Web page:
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Wednesday, 22 December, 1999, 15:44 GMT
Court delays Ayodhya hearing

The mosque was destroyed by a predominantly Hindu mob The mosque was destroyed by a predominantly Hindu mob


By Ram Dutt Tripathi in Lucknow

A special court in the northern Indian state of Uttar Pradesh has postponed hearing a high-profile case relating to the destruction of a mosque in the town of Ayodhya nine years ago.

Formal charges against 49 people were expected to be filed in the special court appointed to investigate the razing of the 16th century mosque in 1992 by a predominantly Hindu mob.

Among those accused in the case are several federal ministers, including Home Minister LK Advani.

The court has now adjourned hearing the case until 9 February.

Defendants' no show

The defendants' lawyer told the court that petitions filed by 33 of the accused were still pending in the state's high court.


Home Minister Advani faces criminal charges Home Minister Advani faces criminal charges
Some of his clients were unavailable to appear in court he said, since they were attending the current session of parliament.

Indian law requires the appearance of all the accused in court for charges to be formally framed.

The court turned down the prosecution's request to begin hearing the case against 16 of the accused who have not filed review petitions in the high court.

It said it did not want to split the case.

Legal delays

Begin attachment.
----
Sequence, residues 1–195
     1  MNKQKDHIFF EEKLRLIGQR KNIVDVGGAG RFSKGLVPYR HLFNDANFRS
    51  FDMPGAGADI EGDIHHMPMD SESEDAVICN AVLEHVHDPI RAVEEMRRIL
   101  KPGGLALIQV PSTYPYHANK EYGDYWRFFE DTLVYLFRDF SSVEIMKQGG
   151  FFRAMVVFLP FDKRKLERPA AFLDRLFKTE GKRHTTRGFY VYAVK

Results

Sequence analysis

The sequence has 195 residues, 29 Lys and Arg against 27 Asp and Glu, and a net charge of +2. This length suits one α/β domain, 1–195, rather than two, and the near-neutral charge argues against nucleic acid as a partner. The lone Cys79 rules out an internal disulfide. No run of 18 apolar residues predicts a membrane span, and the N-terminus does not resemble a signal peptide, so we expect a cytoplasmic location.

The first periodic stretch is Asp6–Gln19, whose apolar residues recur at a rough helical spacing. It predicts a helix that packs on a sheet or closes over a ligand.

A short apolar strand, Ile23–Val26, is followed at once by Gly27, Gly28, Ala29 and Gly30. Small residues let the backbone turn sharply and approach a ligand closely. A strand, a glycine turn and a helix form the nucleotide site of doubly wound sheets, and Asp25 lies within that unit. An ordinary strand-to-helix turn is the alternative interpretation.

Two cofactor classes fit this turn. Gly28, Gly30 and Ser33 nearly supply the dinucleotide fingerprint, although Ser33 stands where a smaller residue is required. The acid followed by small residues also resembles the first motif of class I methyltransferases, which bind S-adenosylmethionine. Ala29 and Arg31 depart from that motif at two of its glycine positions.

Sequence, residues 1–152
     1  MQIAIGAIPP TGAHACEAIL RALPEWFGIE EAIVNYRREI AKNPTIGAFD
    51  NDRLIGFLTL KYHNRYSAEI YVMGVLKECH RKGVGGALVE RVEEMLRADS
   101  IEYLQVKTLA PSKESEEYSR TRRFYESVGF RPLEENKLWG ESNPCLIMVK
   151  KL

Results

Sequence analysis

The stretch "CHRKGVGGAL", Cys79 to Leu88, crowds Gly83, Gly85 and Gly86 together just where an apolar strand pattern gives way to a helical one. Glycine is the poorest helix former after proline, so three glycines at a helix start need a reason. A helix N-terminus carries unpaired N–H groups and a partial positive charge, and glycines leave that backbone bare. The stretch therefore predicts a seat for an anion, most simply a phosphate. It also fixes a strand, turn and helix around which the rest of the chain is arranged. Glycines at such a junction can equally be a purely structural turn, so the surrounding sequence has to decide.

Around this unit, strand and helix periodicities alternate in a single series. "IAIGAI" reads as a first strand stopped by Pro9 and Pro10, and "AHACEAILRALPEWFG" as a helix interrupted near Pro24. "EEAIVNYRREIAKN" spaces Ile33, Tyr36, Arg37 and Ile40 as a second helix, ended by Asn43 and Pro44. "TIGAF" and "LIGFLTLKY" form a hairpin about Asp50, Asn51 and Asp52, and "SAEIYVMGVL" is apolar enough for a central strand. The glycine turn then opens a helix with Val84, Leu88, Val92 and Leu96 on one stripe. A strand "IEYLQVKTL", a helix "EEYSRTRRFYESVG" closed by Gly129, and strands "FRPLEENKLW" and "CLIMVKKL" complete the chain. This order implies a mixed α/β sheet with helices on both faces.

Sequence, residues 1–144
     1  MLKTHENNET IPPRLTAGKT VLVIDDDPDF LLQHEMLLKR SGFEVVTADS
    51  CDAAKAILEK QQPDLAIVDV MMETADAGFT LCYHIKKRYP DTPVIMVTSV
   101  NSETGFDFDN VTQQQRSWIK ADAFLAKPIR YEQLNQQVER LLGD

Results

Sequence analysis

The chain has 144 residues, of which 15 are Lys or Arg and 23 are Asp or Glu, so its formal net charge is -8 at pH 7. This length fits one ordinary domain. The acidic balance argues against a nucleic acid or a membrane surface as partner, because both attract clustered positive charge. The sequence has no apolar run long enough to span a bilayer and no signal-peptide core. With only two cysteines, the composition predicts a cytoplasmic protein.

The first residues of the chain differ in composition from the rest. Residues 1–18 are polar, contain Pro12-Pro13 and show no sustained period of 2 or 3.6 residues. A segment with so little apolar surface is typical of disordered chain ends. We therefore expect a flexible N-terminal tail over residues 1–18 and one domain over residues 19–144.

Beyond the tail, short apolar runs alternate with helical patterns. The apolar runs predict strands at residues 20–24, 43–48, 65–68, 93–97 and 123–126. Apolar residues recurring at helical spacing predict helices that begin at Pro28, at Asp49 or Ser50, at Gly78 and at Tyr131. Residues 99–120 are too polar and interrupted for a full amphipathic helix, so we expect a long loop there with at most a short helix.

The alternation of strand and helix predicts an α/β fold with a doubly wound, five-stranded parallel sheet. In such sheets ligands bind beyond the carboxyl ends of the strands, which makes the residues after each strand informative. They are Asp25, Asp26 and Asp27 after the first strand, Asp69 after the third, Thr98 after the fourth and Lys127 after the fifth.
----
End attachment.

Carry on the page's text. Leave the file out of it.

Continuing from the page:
The delay is the latest in a series of procedural setbacks since federal police filed charges against the 49 accused six years ago.


Murli Manohar Joshi: One of 49 accused Murli Manohar Joshi: One of 49 accused
In 1997 - five years after the mosque was destroyed - the special court announced that it had found adequate evidence to indict the accused, and ordered that they be formally charged.

But the session court has been unable to make much progress with the case because of the revision petitions filed in the high court.

Legal experts say loopholes in Indian law allow such lengthy delays.

Home Minister LK Advani along with Human Resource Development Minister Murli Manohar Joshi are accused - along with others - of having actively encouraged the destruction of the mosque.

The incident triggered some of the worst clashes ever seen between Hindus and Muslims in India, killing at least 2,000 people.

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See also:
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Vajpayee's Ayodhya assurance
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Vajpayee faces Ayodhya anger
06 Dec 99 |  South Asia
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03 Jul 98 |  South Asia
Tension increases over Indian temple dispute

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